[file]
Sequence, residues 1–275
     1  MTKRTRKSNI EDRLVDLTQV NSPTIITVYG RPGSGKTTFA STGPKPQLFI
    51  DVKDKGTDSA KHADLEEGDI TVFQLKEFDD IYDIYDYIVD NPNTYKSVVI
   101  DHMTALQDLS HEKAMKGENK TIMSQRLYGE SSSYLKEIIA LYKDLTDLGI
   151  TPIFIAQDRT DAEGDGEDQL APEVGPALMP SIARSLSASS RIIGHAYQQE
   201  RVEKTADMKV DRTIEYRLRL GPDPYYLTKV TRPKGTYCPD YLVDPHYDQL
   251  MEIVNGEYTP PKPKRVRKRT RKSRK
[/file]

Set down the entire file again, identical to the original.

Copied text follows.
Sequence, residues 1–275
     1  MTKRTRKSNI EDRLVDLTQV NSPTIITVYG RPGSGKTTFA STGPKPQLFI
    51  DVKDKGTDSA KHADLEEGDI TVFQLKEFDD IYDIYDYIVD NPNTYKSVVI
   101  DHMTALQDLS HEKAMKGENK TIMSQRLYGE SSSYLKEIIA LYKDLTDLGI
   151  TPIFIAQDRT DAEGDGEDQL APEVGPALMP SIARSLSASS RIIGHAYQQE
   201  RVEKTADMKV DRTIEYRLRL GPDPYYLTKV TRPKGTYCPD YLVDPHYDQL
   251  MEIVNGEYTP PKPKRVRKRT RKSRK